He wanted to do everything differently, using deals instead of alliances, pressure instead of strategy. Even among Donald Trump's critics, there were many who long thought it might be a bad way to approach foreign policy. After all, preceding U.S. presidents had all struggled for years to find solutions to the same set of apparently insoluble crises: Afghanistan, Iran, North Korea.
Donald Trump made a complete break with traditional U.S. foreign policy. He got rid of the experts in the State Department and discarded the tools of diplomacy --negotiations, trade-offs and the weighing of interests. The guiding principle was "disruption." Trump claimed that he could solve conflicts purely with his charisma and his imagination. After all, didn't the tech companies in Silicon Valley likewise remodel the world with their innovations?
Now, though, the failure of Trump's approach has become obvious to all. Disruption might be a model appropriate for Google and Facebook, but not for global politics.
On Tuesday, Shiite militiamen attacked the U.S. Embassy in Baghdad, likely at the behest of Iran, and the ambassador had to be evacuated along with embassy staff. On Thursday night, the U.S. responded by killing the commander of the Iranian Quds Force, Qassem Soleimani, in a missile strike in Baghdad. Soleimani was considered to be the second-most powerful man in Iran and his assassination is nothing short of a declaration of war. At almost the exact same time, North Korean dictator Kim Jong Un threatened to carry out new nuclear weapons tests. Two crises that Trump had promised to contain have now become more acute and threatening than they had been for some time.
The Epitome of Trump's Capriciousness
The killing of Soleimani is the epitome of Trump's capriciousness. The ploy of unexpectly changing directions, of making threats and surprise attacks has not managed to extricate the U.S. from the Iraq-Iran-Syria quagmire. Washington has continued to be dragged into conflicts in the Middle East. Ever since the U.S., under Trump's leadership, backed out of the nuclear deal with Iran, Tehran has changed course. It has responded to the Trump administration's strategy of "maximum pressure" with provocations, for example by attacking American facilities in the Middle East. The Iranian regime had hoped the approach might force the Trump administration back to the negotiating table.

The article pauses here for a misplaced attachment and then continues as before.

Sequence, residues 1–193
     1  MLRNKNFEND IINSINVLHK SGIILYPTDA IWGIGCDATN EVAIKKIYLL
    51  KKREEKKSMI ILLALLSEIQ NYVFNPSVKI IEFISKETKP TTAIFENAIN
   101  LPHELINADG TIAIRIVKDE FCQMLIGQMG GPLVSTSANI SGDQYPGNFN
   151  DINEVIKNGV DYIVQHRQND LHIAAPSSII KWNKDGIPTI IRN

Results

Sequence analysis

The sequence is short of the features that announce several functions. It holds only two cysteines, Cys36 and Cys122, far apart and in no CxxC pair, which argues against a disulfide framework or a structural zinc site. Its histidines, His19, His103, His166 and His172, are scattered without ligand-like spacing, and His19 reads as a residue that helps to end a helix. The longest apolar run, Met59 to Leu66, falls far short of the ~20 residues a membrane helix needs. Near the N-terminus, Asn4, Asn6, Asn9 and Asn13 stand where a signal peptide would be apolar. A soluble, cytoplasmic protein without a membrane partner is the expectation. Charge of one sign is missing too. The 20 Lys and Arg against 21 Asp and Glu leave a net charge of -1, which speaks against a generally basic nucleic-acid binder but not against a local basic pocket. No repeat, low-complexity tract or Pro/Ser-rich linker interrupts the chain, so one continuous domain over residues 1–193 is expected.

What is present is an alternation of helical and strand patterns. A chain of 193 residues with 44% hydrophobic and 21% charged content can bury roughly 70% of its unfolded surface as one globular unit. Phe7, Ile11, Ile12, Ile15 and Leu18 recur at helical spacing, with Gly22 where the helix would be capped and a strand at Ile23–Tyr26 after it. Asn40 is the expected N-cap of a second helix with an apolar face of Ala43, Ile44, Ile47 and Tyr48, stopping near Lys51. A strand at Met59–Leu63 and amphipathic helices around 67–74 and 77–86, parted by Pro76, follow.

Now it looks as though the reciprocal attacks could lead to catastrophe. The U.S. killing of Tehran's most important general, a man celebrated by the regime as a kind of folk hero and revolutionary freedom fighter, marks the continuation of this confrontation. It is a dramatic, shocking move that Tehran can hardly leave unanswered. Trump has said he isn't interested in war, but his course of action is heading toward exactly that.
That is the greatest danger currently facing the world, but it isn't the only potentially dangerous consequence of Trump's instinctual foreign policy. North Korea's Kim Jong Un also remains unpredictable. For a brief moment, it looked as though he might respond positively to Trump's personal approaches and scale back his nuclear program in exchange for economic concessions. Since his bellicose New Year's address, however, in which he directly threatened America, it has become clearer than ever that the Bomb is more important to Kim than economic relations with the U.S.
Triggering a War by Accident
Trump's failure holds a lesson both for the U.S. government and for the Europeans: Namely that blatant pugnacity may be appropriate for political campaigns, but it has no place in diplomacy. Foreign policy is both arduous and dangerous. It requires endurance, humility and a willingness to compromise.
The nuclear deal with Iran assembled by former U.S. President Barack Obama didn't prevent the regime in Tehran from fomenting strife in the region either -- and Qassem Soleimani was Iran's most important tool for doing so. Nevertheless, Obama's attempt to break down the Iran problem into its component parts was the right approach. Large conflicts must be solved step-by-step rather than with a single, grandiose deal: you cease working on the development of nuclear weapons and we'll loosen sanctions. That's how diplomacy works. Europe should continue taking this approach.
The North Korean example demonstrates just how important it is to involve political professionals. Trump, though, has no respect for experts. By getting rid of countless staff members, he has essentially sidelined the State Department, and in negotiations with Pyongyang, this ignorance made itself felt. Trump relied heavily on the supposed friendship he thought he had with Kim, failing to understand -- and there was apparently no one around to tell him -- just how important nuclear weapons are for Kim's own grip on power. That is the only explanation for why Trump was unable to secure at least a temporary stop to the North Korean nuclear program in exchange for the 2019 summit with Kim in Hanoi.
There is nothing wrong with courageous, surprising foreign-policy initiatives. Former German Chancellor Willy Brandt's rapprochement with the Soviet bloc made the world a safer place. But they have to be carefully prepared and carefully applied. Diplomacy is a serious undertaking. Those who don't approach it with the gravity it deserves risk triggering a war by accident.